I even thought about taking one of the Kale leaves (next spring), putting it in a jar (cover the top with cheese cloth), and see what results.
If you know of anyone knowledgeable about this, I hope you’ll ask and let me know what answers you get. Anything we can find out, will help us all to make a decision next year. If they really are the braconid wasp cocoons, I sure don’t want to dispose of them.
Discrepancies in ids – Hornworms – Eggs or Cocoons?
Defense Against Garden Pest and Disease
Hornworms – Why you might Need a few in Your Garden
Organic Pest Control – Eliminate the Cause
Herbs – A Perennial to Attract Beneficials to Your Garden
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I had given up planting kale or broccoli in the spring because of the “cabbage moth” worms as I call them. Your post has me planning on trying this again.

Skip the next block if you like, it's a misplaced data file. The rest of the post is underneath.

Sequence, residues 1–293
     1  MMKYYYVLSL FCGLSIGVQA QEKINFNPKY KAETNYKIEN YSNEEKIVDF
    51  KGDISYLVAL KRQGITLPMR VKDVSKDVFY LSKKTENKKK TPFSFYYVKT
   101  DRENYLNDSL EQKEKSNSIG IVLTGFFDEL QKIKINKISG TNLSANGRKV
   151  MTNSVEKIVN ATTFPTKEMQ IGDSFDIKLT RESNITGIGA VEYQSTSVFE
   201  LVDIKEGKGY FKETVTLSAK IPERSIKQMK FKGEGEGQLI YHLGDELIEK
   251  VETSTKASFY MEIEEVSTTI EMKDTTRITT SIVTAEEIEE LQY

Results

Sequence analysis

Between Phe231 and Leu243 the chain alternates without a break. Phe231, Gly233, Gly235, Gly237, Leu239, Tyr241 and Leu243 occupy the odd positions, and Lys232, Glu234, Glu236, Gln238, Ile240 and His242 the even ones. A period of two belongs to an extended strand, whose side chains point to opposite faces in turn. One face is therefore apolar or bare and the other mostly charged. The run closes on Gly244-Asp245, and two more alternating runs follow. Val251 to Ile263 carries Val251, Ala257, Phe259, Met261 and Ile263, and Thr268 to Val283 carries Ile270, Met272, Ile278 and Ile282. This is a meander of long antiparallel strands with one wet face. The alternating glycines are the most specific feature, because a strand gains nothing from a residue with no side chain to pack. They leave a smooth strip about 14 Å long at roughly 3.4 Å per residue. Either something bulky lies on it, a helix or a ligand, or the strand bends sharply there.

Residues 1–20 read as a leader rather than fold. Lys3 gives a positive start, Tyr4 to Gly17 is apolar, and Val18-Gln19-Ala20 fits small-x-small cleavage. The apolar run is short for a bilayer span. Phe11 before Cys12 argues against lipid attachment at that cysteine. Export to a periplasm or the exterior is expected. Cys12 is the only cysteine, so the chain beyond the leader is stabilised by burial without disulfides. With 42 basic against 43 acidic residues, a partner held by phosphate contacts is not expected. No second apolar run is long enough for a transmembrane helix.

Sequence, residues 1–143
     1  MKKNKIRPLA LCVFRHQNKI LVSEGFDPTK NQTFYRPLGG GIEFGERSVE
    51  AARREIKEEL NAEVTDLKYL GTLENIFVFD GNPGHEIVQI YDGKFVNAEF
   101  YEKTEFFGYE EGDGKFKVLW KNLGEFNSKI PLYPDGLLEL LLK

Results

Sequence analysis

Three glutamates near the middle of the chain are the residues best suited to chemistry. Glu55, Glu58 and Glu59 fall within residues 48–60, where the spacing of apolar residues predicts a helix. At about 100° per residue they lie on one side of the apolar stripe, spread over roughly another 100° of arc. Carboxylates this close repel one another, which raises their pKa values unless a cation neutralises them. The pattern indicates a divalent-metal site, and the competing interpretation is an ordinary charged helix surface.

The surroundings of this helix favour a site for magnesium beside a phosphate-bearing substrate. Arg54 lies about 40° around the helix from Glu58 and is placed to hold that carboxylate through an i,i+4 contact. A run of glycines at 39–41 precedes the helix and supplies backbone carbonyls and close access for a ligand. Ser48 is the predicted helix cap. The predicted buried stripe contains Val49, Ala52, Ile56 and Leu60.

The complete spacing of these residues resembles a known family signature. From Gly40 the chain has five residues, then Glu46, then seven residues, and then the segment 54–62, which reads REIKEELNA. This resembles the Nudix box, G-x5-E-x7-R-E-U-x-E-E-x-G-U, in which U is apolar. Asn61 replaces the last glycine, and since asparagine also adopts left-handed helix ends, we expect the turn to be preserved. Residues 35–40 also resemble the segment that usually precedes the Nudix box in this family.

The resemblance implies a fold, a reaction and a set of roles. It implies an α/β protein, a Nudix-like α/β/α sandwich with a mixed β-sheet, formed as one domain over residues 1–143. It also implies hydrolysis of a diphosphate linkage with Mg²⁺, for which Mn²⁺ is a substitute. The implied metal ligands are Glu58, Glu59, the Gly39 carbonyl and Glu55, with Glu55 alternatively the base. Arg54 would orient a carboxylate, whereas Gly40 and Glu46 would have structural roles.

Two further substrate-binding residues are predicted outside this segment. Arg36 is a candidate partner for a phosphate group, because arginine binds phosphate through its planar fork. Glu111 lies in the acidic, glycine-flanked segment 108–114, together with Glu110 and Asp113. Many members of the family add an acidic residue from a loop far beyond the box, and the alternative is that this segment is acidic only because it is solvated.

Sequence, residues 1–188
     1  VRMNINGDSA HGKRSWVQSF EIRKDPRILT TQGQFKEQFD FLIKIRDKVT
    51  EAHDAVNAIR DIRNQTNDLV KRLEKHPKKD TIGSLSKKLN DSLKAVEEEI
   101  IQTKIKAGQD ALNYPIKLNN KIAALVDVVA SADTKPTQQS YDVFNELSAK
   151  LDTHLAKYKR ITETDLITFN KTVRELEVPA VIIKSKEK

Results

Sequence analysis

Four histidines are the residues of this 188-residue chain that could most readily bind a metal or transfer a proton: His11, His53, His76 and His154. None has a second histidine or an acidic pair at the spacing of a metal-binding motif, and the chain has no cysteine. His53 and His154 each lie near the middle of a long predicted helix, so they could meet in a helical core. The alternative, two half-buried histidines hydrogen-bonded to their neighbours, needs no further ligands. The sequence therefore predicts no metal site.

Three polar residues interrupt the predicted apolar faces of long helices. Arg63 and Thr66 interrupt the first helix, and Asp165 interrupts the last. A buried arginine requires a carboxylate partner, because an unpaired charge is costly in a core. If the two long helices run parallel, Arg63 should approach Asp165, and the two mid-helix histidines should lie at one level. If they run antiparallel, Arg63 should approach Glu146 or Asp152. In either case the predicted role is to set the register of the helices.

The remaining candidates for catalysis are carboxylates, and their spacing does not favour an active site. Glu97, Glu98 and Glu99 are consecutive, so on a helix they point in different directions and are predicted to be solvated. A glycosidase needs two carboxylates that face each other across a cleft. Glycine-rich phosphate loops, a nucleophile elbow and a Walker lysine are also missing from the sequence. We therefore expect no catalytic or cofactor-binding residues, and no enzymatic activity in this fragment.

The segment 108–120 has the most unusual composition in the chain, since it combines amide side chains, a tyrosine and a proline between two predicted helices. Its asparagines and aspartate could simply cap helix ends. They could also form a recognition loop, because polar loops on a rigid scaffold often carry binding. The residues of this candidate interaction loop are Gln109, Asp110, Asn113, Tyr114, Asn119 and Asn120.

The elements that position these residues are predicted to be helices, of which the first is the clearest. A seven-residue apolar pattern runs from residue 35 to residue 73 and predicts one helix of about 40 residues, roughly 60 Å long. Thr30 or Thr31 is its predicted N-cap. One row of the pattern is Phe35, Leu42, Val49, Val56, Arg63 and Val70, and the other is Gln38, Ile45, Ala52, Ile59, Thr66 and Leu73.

I planted wormwood with my cabbage this year and the two heads on either side of the wormwood were not bug-riddled. Coincidence? I don’t know but will plant more of it next year and be more vigilant in daily bug picking!
If you put a floating row cover or insect screen over the plants, you will have bug-free kale.
Betty, that’s interesting about the wormwood. After a few years of that strategy, you’ll be able to tell if it’s coincidence or definitely the wormwood.
Glad you’re going to try kale again next year. I like it especially as we head into fall/winter.
Dan, yes, row covers are “THE” solution for bugs. However, I can’t give Russian Kale that kind of time and attention. Not to mention the fact that plants are scattered all over the garden rather than in one row. (They don’t have enough priority with me to have a row of their own.)
I have to pick and choose carefully the tasks I do because of the amount I have to tend and row covers are just more than I can handle most of the time. Depends on the plant and its status on my food supply list.
I am so glad for this post. I always wrestle with what are good pests and bad. I would not have thought these were good guys if I had discovered them on the under side of a vegetable leaf. Thanks for the great information.
I think all of us do that when we come across something in the garden that we are not familar with, Toni.